Building a Relationship
“I knew it had been years since Shadow had even seen a saddle, but I found out from the man who I got him from that in his day he had been shown as a Hunter, which was good for me because I grew up taking English riding lessons,” Mary Beth remembers.
So, Mary Beth bought a saddle and a bridle, and one day she walked her now heavier and healthier horse out of his stall and simply saddled him up. “He watched me as I did it, and he never batted an eye,” she said. “It was probably stupid, but I led him right out into the round pen that day and got on his back. He seemed happy, and within a half hour we had walked, trotted and cantered, and he even responded to carrying his head steady as a rock.”
Mary Beth began riding Shadow daily, and then she started taking lessons on him. They grew together easily and quickly, both in the arena and out on the local trails. Shadow was solid – always a good leader and always steady. “People talk about how ‘spooky’ the Arabian can be, but this horse was literally my babysitter. One time we were out on a trail with some friends and we came across a loose dog that was barking and growling. My friends all had Quarter Horses and other breeds, and they spooked, spun and snorted, while Shadow stood his ground quietly until the threat had passed. It was like whatever I asked of him, he did,” Mary Beth said.
“I was still going through a lot of life changes, and then I was diagnosed with breast cancer. It was devastating, but I still went out to the barn almost every day, because Shadow was my best friend,”Mary Beth remembers.
Luckily, treatments went well and Mary Beth was given a clean bill of health, which also gave her a new lease on life. “I knew right then that I wanted to show Shadow; we were ready.”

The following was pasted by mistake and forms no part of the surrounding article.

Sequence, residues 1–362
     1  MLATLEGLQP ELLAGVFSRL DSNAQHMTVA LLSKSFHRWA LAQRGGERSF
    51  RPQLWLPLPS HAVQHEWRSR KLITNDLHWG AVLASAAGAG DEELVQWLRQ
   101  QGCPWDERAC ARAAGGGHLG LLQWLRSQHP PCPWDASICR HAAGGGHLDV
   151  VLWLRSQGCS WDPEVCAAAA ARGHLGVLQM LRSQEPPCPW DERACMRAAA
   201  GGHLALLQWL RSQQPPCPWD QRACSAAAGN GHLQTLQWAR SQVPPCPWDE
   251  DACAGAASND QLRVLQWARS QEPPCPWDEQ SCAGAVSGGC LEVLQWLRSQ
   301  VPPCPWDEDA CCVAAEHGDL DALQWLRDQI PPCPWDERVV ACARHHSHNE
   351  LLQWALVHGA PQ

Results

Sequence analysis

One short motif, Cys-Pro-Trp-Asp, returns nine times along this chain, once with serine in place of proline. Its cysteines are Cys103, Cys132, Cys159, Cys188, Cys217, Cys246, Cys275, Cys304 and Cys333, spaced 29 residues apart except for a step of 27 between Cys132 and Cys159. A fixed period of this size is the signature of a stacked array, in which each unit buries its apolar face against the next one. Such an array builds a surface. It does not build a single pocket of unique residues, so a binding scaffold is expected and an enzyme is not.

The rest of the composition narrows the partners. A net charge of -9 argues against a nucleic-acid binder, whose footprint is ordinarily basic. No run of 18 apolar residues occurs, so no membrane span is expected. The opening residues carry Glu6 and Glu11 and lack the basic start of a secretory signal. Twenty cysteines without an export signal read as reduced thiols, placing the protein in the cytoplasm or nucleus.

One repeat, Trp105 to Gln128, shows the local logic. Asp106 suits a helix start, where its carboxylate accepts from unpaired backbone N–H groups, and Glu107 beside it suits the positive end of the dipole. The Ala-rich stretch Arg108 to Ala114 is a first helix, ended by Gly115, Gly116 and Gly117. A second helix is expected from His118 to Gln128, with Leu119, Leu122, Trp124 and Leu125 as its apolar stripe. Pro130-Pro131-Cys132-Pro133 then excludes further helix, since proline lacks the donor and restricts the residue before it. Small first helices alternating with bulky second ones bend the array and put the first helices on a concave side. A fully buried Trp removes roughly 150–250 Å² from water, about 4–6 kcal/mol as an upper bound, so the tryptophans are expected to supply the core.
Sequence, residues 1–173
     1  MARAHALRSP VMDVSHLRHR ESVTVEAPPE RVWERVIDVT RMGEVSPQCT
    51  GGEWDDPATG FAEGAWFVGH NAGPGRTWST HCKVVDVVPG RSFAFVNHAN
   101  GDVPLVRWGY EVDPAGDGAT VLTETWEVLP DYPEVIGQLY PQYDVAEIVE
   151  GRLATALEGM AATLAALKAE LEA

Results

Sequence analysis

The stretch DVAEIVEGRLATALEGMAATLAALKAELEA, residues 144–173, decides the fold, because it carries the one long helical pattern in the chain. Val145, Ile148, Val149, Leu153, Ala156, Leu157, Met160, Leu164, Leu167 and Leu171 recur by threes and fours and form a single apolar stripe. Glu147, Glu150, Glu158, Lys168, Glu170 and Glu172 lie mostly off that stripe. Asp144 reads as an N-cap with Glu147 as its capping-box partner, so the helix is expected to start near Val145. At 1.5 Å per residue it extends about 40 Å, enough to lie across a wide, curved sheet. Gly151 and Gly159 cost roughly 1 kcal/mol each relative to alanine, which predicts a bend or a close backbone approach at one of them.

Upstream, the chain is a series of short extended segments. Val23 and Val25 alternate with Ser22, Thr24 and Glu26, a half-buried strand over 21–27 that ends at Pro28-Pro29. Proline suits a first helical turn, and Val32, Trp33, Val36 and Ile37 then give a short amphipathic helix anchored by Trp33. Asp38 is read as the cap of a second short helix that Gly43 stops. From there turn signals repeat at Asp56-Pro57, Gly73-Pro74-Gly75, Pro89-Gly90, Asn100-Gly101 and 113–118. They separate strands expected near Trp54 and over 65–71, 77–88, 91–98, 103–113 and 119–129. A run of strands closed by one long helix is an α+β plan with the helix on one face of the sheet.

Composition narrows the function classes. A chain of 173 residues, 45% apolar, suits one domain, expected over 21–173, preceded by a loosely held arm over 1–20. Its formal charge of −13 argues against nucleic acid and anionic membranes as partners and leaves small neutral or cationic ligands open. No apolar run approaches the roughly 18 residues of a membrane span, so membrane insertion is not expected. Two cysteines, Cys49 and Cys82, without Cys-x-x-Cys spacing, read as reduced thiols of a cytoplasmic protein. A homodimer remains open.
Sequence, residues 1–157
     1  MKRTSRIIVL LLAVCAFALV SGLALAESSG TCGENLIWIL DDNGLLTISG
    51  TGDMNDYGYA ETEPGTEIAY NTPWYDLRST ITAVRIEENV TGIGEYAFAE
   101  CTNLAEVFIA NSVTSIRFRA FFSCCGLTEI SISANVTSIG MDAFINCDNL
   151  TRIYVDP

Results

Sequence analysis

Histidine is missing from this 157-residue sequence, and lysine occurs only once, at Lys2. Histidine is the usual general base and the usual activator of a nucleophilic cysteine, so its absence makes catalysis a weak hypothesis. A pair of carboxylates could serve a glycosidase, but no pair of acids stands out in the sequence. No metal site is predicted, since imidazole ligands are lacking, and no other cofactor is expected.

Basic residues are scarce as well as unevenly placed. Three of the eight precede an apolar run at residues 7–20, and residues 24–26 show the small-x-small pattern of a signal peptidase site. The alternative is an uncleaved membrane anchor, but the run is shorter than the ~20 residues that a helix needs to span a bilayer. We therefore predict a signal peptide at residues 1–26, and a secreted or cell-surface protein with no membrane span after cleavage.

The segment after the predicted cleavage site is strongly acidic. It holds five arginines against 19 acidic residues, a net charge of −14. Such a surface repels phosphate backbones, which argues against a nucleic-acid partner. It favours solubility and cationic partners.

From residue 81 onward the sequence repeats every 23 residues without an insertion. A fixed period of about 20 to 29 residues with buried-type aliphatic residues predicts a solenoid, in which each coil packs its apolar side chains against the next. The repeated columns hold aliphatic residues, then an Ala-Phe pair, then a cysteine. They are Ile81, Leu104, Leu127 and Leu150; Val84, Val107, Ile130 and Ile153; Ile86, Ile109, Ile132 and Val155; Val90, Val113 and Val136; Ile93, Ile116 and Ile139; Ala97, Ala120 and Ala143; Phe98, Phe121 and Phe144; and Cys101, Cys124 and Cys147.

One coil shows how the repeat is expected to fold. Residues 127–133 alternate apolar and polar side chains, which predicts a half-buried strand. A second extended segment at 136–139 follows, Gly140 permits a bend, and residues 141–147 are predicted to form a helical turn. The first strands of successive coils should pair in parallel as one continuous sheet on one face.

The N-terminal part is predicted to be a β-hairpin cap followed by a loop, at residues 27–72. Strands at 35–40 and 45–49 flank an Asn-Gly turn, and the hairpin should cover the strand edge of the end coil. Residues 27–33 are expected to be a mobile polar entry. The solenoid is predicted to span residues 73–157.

A Bond That Can’t Be Broken
At their very first show together, Mary Beth and Shadow won every class that they entered. Hunter Pleasure was their “thing”, and they were good at it. Shadow anticipated Mary Beth’s moves and moods, and she gave him a firm, but gentle hand. The two continued to show for several years and did quite well together.
Today, Mary Beth and Shadow are “pleasure pals”. They ride the trails, meet with friends, and are an inseparable team.
“From abandoned in a pasture to my best friend, it’s been quite the journey,” Mary Beth recounts.
“Shadow and I know more about each other than anyone ever will. I never thought that I would have a horse, let alone a ‘crazy Arab’, as most people like to say, but Shadow is anything but crazy, he puts the traditionally calm breeds to shame. I don’t think that if he were any other breed that he would have fared so well waiting for me to find him in that pasture, or played so nicely when it came to becoming my ‘horse soul mate’. This horse is one in a million, and he has turned my entire mind around on the breed. I will never own another horse like him, but if I did end up with another horse someday, it would be an Arabian.”
Arabians Win Again
With all of the “bad press” out there about the Arabian horse, it’s always refreshing and almost vindicating hearing stories like these. Arabians get a bad rap, and it’s typically due to a simple lack of personal knowledge about the breed. They are intuitive, inquisitive, bond easily and quickly, and they take care of their “people”. From tiny tots on the backs of 16 hand Arabians at horse shows to amateurs who have found best friends in the beautiful breed, the Arabian horse is versatile by nature. Give him a job, and he’ll usually do it – so long as you ask the right way.
So, if you have any preconceived notions about the breed, take a note from Mary Beth, “The Arabian Horse is unlike any other breed you’ll ever encounter. For every challenge that you face, you’ll be rewarded tenfold in the end.”